This summer, some rumors about a new bookstore began circling. And, I’d be darned if they didn’t end up to be true. Ann Patchett, a Nashvillian and nationally renowned author, partnered up with Karen Hayes, a sales rep from Random House. They decided to open their own bookstore, which they named Parnassus, after the mountain where the ancient Greeks believed learning and literature lived. After a whole lot of work on their part and a lot of enthusiasm from the community, Parnassus Books opens TODAY in Green Hills. I will be there. Confederate Streets will be there.

There’s been an awful lot of talk in recent years about the death of the book (a session with just such a name was standing-room only at The Southern Festival of Books last month in Nashville), and I imagine that at least a few of you are reading this blog or my book on some sort of e-device. That’s fine, but after the year I’ve had, I can assure you that bookstores are still a vital part of any intellectual community. My friends have stepped up admirably – they’ve hosted me for readings and shared Confederate Streets with their book clubs – so the book has definitely received some momentum. However, even with that assistance and the dominance of Amazon, if a book doesn’t have a home, it doesn’t exist. I don’t even know if I would buy a book about Nashville that cannot actually be purchased in Nashville. Anyone can throw some self-published blather up on an e-book. Bookstores provide ethos.

Bookstores also provide community. As a reader, sometimes I just want to be in a place where I can browse. Sometimes, I’m in a mood and I just want to read something with a certain tone or that covers a certain topic. Knowledgable booksellers are so much more helpful than an algorithim, and it’s always more fun to be in an actual physical space than it is to browse the Internet in solitude.

As an author, bookstores are equally as necessary. Davis-Kidd closed and my scramble began. I was emailing churches, libraries, colleges, anyone. I have this book and people say it’s pretty good and would you like me to come speak about it? Well, you can’t buy it in town, but I can bring my own copies. It’s been the same with getting the media to review the book. It’s about Nashville…No, but you can buy it on Amazon. I was usually shut down. I’ve even met a couple prominent authors who were willing to give readings with me (I saw it as being the opening act to their arena-level rock band), but it’s hard to give a reading when the place that usually hosts such things has gone.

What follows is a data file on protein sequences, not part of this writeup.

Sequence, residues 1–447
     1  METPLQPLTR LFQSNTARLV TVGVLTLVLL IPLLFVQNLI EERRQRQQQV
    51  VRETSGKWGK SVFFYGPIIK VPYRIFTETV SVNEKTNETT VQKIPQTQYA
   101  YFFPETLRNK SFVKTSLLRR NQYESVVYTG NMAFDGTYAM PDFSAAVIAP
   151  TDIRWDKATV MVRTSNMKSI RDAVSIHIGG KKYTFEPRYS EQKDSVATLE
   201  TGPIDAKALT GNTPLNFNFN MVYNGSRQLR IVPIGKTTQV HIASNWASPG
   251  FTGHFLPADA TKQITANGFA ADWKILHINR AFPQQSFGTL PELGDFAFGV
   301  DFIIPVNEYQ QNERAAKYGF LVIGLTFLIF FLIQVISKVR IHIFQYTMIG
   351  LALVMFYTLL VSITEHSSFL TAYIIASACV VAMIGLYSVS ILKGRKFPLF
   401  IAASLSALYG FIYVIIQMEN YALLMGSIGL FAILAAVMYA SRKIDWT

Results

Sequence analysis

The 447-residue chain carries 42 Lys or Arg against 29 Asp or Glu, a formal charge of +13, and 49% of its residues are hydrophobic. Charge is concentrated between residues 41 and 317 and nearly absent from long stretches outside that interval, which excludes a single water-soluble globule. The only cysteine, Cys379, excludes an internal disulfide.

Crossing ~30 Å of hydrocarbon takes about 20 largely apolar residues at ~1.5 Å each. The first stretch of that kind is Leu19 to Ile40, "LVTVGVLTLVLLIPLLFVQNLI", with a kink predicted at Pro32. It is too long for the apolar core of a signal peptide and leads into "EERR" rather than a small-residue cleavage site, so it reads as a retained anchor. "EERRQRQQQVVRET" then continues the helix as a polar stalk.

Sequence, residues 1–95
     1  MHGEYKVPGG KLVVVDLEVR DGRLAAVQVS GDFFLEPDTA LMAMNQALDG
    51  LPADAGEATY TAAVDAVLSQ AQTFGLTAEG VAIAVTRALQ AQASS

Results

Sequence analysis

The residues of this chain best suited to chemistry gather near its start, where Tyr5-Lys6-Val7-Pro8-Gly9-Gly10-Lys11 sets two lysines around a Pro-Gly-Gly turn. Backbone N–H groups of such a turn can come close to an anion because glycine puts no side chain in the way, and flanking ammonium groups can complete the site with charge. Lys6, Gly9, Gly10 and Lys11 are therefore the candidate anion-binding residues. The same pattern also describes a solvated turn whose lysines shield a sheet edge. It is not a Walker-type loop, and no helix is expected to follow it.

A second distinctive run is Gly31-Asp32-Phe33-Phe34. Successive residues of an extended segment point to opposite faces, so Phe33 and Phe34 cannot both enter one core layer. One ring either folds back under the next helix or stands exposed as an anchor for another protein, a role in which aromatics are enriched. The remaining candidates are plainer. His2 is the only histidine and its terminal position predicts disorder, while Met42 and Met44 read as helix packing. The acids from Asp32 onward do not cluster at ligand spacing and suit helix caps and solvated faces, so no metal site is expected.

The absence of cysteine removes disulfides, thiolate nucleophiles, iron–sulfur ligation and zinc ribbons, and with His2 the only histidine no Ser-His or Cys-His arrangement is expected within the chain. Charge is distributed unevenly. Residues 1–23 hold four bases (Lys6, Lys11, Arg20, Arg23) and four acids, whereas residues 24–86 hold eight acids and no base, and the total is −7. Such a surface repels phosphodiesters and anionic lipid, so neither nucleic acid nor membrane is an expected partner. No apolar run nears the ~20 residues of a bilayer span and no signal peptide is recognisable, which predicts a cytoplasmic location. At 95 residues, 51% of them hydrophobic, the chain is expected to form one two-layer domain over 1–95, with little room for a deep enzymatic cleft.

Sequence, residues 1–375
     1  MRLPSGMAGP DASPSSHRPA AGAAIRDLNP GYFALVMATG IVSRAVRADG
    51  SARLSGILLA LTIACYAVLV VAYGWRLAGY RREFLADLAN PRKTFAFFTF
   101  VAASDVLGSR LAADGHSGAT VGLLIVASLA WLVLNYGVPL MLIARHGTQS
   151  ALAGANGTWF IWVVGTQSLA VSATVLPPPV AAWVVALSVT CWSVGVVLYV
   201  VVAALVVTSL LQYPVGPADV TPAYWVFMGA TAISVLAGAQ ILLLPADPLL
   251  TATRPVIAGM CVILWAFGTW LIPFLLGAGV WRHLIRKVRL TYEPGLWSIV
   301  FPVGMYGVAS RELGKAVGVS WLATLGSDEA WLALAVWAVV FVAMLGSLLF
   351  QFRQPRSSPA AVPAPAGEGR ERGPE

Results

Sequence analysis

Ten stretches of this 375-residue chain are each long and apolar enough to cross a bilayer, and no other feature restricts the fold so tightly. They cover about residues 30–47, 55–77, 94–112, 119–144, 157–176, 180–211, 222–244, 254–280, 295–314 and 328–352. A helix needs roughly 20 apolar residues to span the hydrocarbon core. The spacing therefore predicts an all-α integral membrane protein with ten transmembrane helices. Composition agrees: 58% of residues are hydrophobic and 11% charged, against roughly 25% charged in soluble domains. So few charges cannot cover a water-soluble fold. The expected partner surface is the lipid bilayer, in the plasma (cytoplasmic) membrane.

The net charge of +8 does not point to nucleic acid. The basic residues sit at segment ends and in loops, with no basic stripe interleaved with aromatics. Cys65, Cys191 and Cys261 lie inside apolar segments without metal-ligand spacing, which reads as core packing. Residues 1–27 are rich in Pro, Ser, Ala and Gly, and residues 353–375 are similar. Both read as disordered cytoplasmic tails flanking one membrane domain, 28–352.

Parnassus is focusing on the local, and that will be key to its survival. Take it from me – the small neighborhood bookshop is as relevant in 2011 as it has ever been. In fact, with the all-out information blitz that assaults our senses during our waking hours, a place like Parnassus – Nashville’s new home for literature, for readings, and for browsing on a Saturday afternoon – is more necessary than ever.

The GRAND OPENING of Parnassus Books will be all day today in Nashville. I will be joining other local authors for a reception from 5-8 p.m. Parnassus is in the shopping center where Abbot Martin T’s into Hillsboro Road. (As if a bookstore opening isn’t wonderful enough, it’s opening in the same row of shops as Fox’s Donut Den!)  If you live in Nashville, stop on by. If you don’t, give your friendly neighborhood bookstore some lovin’ real soon.

Along with being a writer, I teach, coach, work in the Writing Center, and run the literary magazine at an all-boys’ prep school here in Chattanooga. (Maybe that sentence should be reversed. Unless it’s summer, carving out writing time is quite a battle. I’m following a proud tradition in that camp.) My coaching duty is fall novice crew, which I affectionately think of as “rowing kindergarten.” The other novice coaches and I show up in the Student Athletic Center in August and meet about three-dozen ninth-graders who have never even sat in a racing shell. By November, they’re trucking down the course at The Head of the Hooch, one of the largest regattas in the country (Actually poised to become THE largest regatta in the country this year. I’m not sure if the numbers are out yet.)  It’s a steep learning curve, and I could certainly write an essay or two about what happens to your heart rate when you put 9 14-year-olds in an expensive boat and turn them loose on the Tennessee River. By the end of the fall season, however, a lot of the “crap-are-they-going-to-crash-into-stuff?” stress is gone and replaced by the fun of strategizing for competitions, soaking in the slanting golden light as I putt down the river in a jon boat, and enjoying the personalities of the rowers and coaches around me.

I have not posted much this fall, nor have I done a lot of writing (though I have been reading/researching, so that’s good). I sent my dog off to be with my parents in Florida because I was too busy to take care of him. The lazy, languid days of summer ended with a full sprint into the school year, and I’ve been going ever since. Still, I’m not gonna’ lie, coaching novice crew here in Chattanooga is a blast. From the initial rowing instructions to frightened and adrift novi in September (“Okay, now straighten your knees …. no, your knees….your knees….. Those are your elbows.), to  the overheard conversations as I drive the mini-bus (We have a boarder from Westchester, New York, this year. Listening to the Southerners and the Yankee trying to sort out their mutual misinformation has been so funny that I’ve nearly crashed the bus), to the general chaos around regatta preparations (last week, after rowing all of our boats down to the staging area for the Hooch in the rain, I ended up walking all the way from downtown back to our boathouse with about eight guys, one of whom was barefoot because he couldn’t find his shoes), to the sprinting-cowbell ringing-dock catching chaos that the Head of the Hooch always brings, it’s been a satisfying and exhausting autumn.